At the halfway mark of their season, the New York Rangers are the team to beat in the National Hockey League.
They sit atop the Atlantic Division, the Eastern Conference and are a point ahead of the Western Conference-leading Vancouver Canucks...with four less games played.
The Blueshirts’ active offseason raised expectations for the season, but it’s safe to say that not many people (outside New York) had this team doing this well.
So how is NYR maintaining a pace that would give them their highest season point total since 1994? Here are the NHL’s top awards (along with some unofficial awards) applied solely to New York at the team’s midway point...
The 23-year-old Swedish native has played just a little more than half the season, but his impact was felt immediately.
Making his debut against the Capitals on November 25, Hagelin notched a point in each of his first four games (1 G, 3 A). He is second in the league among rookies in plus/minus (+9) with at least 14 fewer games played than the players that surround him.
His Mike Gartner-esque speed also gives him a visible advantage in the forecheck and on the penalty kill, as two of his seven goals have come while shorthanded. Already getting time on the top two lines, Hagelin looks like he’s here to stay and will be a valuable asset in the second half of the season and beyond.
Honorable Mention: John Mitchell
A 19-year-old Del Zotto created a lot of hype for himself after notching 37 points in his rookie season.
Maybe too much hype.
The former first-round pick struggled mightily during his sophomore circuit. So much so that he was sent back to the minors to find his game again. As a result, expectations were significantly lower coming into this season.
Now, halfway through his third year at the ripe old age of 21, Del Zotto is not only living up to the original hype. He's surpassing it.
With five goals and 18 assists, Del Zotto is on pace for a career year in both categories. Before this season, his career plus/minus was minus-25. This year it is plus-24, which is good for second in the league among defensemen (behind only Zdeno Chara).
The absence of Marc Staal for most of the first half of the season made it pivotal for all Ranger blueliners to step up their game. No one stepped up further than Michael Del Zotto.
Honorable Mention: Artem Anisimov
Last season, Dubinsky lead New York in goals with 24.
This season, it took the 25-year-old Alaskan native 32 games to score twice. Perhaps he had trouble adjusting to the pressure that comes with a four-year, $16.8 million contract, but Dubinsky's struggles eventually dropped him out of the top six forwards on the team.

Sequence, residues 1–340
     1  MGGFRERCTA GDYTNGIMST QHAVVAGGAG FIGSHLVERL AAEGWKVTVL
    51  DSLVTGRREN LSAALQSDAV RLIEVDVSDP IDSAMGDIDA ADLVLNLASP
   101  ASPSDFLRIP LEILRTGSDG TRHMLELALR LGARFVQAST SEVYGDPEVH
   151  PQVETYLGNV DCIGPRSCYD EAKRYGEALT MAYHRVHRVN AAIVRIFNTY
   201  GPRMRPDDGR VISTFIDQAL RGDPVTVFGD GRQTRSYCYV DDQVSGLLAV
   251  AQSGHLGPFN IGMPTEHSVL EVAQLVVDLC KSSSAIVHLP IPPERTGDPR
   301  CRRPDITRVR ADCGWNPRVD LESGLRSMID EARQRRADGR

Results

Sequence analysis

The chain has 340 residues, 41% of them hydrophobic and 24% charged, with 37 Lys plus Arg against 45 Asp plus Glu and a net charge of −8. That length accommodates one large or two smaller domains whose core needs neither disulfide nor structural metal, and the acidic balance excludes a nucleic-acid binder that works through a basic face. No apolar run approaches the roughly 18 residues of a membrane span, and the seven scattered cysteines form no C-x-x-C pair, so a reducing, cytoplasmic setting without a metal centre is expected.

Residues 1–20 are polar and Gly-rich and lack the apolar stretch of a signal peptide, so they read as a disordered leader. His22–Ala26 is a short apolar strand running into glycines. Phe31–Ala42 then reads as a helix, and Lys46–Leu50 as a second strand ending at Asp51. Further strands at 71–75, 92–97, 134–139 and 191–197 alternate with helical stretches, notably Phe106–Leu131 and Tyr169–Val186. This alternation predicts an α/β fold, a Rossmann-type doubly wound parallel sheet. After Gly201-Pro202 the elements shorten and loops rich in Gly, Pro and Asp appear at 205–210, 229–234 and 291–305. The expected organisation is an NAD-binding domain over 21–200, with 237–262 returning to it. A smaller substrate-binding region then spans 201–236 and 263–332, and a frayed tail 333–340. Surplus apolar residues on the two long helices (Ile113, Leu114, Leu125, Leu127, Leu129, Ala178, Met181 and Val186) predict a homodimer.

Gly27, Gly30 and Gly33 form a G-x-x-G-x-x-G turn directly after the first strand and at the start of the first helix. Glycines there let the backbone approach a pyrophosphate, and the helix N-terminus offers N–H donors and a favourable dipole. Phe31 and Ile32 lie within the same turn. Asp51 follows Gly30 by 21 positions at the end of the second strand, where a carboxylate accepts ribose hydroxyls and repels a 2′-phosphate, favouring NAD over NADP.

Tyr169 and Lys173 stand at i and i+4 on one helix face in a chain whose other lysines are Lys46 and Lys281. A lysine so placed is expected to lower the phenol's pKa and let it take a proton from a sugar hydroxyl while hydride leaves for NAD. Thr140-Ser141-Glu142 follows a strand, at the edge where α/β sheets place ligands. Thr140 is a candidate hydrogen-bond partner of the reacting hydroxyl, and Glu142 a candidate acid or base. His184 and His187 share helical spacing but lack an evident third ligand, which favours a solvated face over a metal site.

He stuck with his game, though, and excelled in just about every other aspect other than scoring.
Now, the offensive side of Duby's game seems to be re-emerging, and statistically he is still an important asset on the ice, even if he isn't scoring, as he has the third-best plus/minus on the team (+11) and the second-best among forwards.
Honorable Mention: Mike Rupp
John Tortorella has made it perfectly clear...Henrik Lundqvist will not be overused this season.
Coach Tortorella wants his star goaltender fresh for the playoffs. The last few championship goalies all have one thing in common; they had a lot of rest during the season. None of them started more than 62 games, and it seems that's right where Tortorella wants Lundqvist's total, as he has sat him 10 games already.
So how have the Rangers been able to maintain such success with their starting goalie sitting every four games?
While Lundqvist has put up very impressive numbers all season, Biron has stuck with him every step of the way. In 10 starts, the 34-year-old is 8-2 with a 2.06 goals against average, turning Lundqvist and himself into arguably the best netminding tandem in the NHL.
With the way he is playing, there are probably a few teams that wouldn't mind having Biron starting for them, but that won't be the case. He will continue to back up Lundqvist, and will also continue to play an integral role in leading New York into the playoffs and beyond.